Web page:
Coinigy is an incredibly powerful tool for anyone who is serious about crypto trading. This video from their team explains exactly what it can do for you, but to put it in layman’s terms: It makes technical analysis a breeze and really simplifies the process of trading across several exchanges. It costs $15 a month and is at least worth trying out the the free 1 month trial to see how you like it.
An additional common mistake is searching for crashed coins, in accordance to their value against the Bitcoin, hoping they will return to their glory prices. So newsflash – there are coins which are light years away from their peak levels. Take Aurora for example; in March 2014 an all-time high price of 0.14 Bitcoin for one Aurora was recorded. As of the time of writing, Aurora trades at a 99.9% discount – 0.00014 Bitcoins. Could the (damned) Aurora make a move upwards 1000x? You’ll never know. You surely can’t assume a coin being lower than its peak price is an opportunity rather than a falling knife. There are also coins which disappeared and slowly got out of continuous trading – a scenario defiantly worth considering (especially with the low-cap and volume altcoins).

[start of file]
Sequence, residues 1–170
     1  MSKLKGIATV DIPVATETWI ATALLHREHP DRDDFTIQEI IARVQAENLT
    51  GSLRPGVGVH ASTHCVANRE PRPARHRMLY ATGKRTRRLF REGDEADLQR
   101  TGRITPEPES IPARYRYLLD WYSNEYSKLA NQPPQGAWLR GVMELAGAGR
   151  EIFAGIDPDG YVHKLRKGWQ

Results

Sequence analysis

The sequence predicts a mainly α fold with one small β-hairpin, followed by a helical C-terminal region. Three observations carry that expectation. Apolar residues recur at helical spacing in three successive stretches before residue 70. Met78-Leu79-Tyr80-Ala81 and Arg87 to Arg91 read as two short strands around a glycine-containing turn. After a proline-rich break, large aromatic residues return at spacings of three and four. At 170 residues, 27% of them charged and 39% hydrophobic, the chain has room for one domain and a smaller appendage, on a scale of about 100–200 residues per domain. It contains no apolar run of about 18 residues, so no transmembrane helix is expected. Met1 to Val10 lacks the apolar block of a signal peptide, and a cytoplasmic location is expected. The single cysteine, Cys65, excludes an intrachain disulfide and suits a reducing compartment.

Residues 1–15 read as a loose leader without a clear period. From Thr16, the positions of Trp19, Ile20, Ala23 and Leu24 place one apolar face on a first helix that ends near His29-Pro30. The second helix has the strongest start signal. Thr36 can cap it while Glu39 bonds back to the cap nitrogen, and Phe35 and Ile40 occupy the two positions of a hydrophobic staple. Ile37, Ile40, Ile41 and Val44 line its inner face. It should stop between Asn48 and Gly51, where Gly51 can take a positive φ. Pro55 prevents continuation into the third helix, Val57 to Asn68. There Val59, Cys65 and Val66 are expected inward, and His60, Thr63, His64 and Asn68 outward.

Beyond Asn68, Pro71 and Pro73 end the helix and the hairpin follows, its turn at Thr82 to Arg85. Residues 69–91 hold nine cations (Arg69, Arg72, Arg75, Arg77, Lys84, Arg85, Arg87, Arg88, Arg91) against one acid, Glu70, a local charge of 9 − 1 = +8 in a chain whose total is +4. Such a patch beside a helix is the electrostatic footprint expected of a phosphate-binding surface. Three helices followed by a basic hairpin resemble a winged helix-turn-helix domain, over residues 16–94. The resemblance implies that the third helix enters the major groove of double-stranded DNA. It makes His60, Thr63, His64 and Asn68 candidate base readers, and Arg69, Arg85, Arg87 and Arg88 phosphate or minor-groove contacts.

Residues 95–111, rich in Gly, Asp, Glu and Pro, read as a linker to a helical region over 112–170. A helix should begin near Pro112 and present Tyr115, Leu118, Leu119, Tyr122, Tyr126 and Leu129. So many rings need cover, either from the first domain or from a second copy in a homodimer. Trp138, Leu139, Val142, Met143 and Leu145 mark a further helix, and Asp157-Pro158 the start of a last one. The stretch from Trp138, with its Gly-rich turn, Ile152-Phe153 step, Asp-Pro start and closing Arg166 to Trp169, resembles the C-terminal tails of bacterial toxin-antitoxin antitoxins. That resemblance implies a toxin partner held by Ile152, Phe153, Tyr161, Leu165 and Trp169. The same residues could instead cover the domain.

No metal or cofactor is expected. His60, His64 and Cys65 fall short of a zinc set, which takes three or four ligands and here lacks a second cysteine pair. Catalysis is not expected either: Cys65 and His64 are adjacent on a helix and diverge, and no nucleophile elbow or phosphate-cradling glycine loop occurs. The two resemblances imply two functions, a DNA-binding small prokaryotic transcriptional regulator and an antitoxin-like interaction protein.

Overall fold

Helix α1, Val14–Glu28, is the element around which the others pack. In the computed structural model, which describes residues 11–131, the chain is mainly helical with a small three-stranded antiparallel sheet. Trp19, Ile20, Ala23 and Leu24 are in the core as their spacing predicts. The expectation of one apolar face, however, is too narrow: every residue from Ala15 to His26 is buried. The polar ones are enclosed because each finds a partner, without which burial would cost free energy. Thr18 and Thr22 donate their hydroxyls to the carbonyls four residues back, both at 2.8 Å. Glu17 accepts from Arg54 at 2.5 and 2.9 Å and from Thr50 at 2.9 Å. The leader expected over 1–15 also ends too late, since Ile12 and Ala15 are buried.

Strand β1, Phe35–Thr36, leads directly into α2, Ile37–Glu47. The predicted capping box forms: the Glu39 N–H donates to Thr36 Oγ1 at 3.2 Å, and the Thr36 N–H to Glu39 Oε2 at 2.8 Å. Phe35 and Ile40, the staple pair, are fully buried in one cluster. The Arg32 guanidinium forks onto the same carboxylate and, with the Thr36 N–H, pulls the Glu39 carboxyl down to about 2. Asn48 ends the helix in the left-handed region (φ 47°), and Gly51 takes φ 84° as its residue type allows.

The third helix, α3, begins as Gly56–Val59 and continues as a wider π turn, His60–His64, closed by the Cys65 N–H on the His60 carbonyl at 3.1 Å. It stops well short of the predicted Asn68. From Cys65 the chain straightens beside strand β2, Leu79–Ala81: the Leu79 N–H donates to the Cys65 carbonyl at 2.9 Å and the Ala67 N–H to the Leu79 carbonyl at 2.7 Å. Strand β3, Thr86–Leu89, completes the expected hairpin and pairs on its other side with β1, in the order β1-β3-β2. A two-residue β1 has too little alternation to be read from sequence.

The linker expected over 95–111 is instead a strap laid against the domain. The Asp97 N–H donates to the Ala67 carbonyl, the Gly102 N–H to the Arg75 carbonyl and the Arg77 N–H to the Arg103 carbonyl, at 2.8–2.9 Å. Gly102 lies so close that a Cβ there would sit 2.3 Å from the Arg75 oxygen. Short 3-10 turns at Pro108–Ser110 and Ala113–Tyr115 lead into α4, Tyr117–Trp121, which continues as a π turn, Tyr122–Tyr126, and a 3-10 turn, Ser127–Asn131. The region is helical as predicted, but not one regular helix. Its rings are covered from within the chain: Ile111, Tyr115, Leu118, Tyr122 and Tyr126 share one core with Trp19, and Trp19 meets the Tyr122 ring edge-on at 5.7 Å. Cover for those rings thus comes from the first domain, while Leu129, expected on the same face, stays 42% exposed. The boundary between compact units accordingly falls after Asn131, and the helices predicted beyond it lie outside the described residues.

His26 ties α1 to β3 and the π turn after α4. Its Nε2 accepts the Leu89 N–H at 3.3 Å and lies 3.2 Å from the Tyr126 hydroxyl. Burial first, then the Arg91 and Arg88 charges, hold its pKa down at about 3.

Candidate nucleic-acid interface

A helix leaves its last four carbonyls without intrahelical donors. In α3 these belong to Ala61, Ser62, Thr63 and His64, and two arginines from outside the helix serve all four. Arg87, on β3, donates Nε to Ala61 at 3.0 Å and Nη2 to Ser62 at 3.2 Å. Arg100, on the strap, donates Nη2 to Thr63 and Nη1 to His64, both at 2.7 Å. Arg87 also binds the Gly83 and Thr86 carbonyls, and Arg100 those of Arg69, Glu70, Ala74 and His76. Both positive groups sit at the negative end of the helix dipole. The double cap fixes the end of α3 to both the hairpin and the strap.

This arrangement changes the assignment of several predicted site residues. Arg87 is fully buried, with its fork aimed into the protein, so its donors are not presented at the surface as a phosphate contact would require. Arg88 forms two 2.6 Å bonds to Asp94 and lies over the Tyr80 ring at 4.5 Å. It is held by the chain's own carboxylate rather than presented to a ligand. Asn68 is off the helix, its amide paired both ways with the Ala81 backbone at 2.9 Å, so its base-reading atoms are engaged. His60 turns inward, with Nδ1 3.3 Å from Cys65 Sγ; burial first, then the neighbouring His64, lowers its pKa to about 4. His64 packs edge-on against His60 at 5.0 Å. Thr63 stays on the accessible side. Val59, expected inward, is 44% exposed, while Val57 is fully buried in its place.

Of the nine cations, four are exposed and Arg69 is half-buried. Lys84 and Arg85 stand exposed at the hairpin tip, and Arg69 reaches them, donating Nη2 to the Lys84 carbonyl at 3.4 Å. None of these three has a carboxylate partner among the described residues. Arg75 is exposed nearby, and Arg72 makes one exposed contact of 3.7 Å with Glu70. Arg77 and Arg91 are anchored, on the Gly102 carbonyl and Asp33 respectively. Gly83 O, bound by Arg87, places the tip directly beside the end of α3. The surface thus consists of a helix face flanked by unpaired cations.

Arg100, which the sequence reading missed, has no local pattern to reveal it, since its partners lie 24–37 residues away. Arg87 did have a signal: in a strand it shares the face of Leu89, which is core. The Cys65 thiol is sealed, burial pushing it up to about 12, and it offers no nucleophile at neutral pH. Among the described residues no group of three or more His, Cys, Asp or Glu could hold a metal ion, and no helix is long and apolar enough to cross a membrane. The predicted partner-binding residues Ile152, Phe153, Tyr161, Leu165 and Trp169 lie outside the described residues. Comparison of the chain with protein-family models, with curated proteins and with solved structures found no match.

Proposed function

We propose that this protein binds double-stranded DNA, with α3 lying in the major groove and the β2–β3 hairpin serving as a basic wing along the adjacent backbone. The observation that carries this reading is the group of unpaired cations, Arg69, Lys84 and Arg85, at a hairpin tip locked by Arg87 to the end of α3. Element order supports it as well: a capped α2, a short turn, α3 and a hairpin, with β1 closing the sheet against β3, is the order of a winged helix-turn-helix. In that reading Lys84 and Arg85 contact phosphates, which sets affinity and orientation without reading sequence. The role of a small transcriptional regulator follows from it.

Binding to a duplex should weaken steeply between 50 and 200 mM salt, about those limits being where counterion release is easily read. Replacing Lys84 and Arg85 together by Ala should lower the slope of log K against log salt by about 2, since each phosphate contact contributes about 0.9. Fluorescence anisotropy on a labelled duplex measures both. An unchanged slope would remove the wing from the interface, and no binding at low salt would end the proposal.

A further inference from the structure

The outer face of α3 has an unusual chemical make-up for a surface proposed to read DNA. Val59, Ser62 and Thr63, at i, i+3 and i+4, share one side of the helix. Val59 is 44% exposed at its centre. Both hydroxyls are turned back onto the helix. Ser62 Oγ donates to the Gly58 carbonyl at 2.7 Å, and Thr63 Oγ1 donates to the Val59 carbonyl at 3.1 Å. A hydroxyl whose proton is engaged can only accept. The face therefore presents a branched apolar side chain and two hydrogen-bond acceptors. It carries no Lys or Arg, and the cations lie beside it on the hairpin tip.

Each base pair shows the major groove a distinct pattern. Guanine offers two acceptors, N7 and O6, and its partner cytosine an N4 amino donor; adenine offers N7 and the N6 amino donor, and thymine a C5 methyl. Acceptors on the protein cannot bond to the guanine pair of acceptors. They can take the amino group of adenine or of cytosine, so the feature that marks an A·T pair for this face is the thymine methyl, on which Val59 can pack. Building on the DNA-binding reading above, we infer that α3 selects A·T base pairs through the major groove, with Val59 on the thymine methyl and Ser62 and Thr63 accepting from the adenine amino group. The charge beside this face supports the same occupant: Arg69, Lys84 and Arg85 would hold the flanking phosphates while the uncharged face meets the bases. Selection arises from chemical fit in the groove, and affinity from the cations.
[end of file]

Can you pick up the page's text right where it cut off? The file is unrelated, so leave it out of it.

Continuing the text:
Here you are completely abandoning investing and are now only speculating. Daytraders use the same technologies we described above. Their timeframes are simply much shorter. It’s called daytrading because the positions should be closed by the end of a working day. Some daytraders sleep badly if they own coins overnight. Who knows what might happen at night?